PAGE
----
Road trips. What could be more relaxing than taking a family vacation that includes a 16 hour drive to a national park The radio is blaring, the golden arches are tempting your well-fed, but bored kids every two miles, and your dismay grows as you watch the gas gauge on your SUV rapidly head toward "E" after you just stopped to fill up. Before your blood pressure rises, take heart. Good news is just ahead for both you and Chevron Phillips Chemical!
The recent signing by President Bush of U.S. House Resolution 6, otherwise known as the Energy Independence and Security Act of 2007 could mean less pit stops for you and more opportunities for the company. The resolution mandates an increase in federal fuel efficiency standards to 35 miles per gallon (mpg), up from 27.5 mpg for cars and 22.2 mpg for trucks and SUVs, by 2020.
This efficiency improvement means that automakers around the world will be looking for ways to modify existing engine technologies as well as lighten the weight of the average vehicle. As a major provider of plastic resins for the automotive industry, Chevron Phillips Chemical is up to the challenge.
For many years the sales and technical teams for Marlex® polyethylene, Marlex® polypropylene, Ryton® PPS, and Xtel® PPS alloys have worked diligently to promote the use of plastics in automobiles. Their success can be found under the hood in parts such as alternator cooling covers, brake reservoirs, coolant components, and fuel pumps. Our resins are also used in and around your car in bumpers, door panels, instrument panels, lighting, fuel tanks, and countless other applications.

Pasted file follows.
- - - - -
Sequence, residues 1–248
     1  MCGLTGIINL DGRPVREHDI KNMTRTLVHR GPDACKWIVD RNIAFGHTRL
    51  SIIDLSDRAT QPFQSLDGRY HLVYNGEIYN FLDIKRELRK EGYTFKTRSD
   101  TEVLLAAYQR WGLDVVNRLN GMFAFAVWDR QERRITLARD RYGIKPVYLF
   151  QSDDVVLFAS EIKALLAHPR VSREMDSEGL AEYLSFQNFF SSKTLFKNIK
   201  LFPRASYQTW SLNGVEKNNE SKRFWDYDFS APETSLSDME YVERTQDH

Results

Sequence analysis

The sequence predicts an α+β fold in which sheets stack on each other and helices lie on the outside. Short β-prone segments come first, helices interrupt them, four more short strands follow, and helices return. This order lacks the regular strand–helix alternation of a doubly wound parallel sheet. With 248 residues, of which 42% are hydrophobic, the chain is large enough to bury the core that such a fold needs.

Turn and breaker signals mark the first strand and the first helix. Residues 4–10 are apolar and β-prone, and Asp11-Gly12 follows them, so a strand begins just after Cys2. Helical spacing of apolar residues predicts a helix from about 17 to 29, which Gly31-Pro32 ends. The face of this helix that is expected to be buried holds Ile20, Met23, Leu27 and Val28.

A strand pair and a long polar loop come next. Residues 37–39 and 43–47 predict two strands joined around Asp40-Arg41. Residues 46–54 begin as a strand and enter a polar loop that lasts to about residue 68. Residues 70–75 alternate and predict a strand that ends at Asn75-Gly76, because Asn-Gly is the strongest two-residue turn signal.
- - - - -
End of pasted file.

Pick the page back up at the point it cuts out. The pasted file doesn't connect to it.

Using our plastics can significantly reduce the weight of parts. For example, by using Ryton® PPS with nitrogen gas assist to make the cooling tubes on the new Ford F350 diesel engines, the weight of the component was reduced by 48 percent. Additionally, polyethylene fuel tanks weigh up to 30 percent less than comparable steel tanks.
When lightening a car's weight, it is imperative for manufacturers to preserve or enhance the safety of the vehicle. The same polyethylene fuel tanks are also safer because they are not a source of sparks during collisions and deform and regain their original shape, absorbing any shock occurring from impact.
The use of polypropylene can also enhance vehicle safety. As a replacement for more expensive engineering resins, polypropylene offers outstanding energy absorption. In fact, high-impact polypropylene, because of its crush and collapse shock-absorbing properties, is used by automakers to achieve higher vehicle crash-test safety ratings.
Plastic products not only lighten the weight of a vehicle, but in many cases, they also reduce the number of separate parts. Due to the versatility of plastics, complex parts can be molded as one unit rather than multiple pieces then requiring assembly. When designing the Ford 500, automotive engineers designed a part with nine sealing joints to integrate the thermostat housing and water pump, which in turn would allow the part to fit in the small packaging space. Ryton® PPS offered the required toughness and the ability to successfully meet the complex part's tight molding tolerances.
In addition to using Chevron Phillips Chemical's products to mold automotive parts, our polyalphaolefins (PAOs) can also be used as engine lubricants to improve fuel efficiency. The high film strength of our PAOs improves combustion to create more power, better fuel economy and reduced emissions in vehicles.
As the date approaches for more fuel efficient vehicles, Chevron Phillips Chemical is dedicated to helping automakers achieve these goals through the use of our products. Now if they could just keep the kids from whining...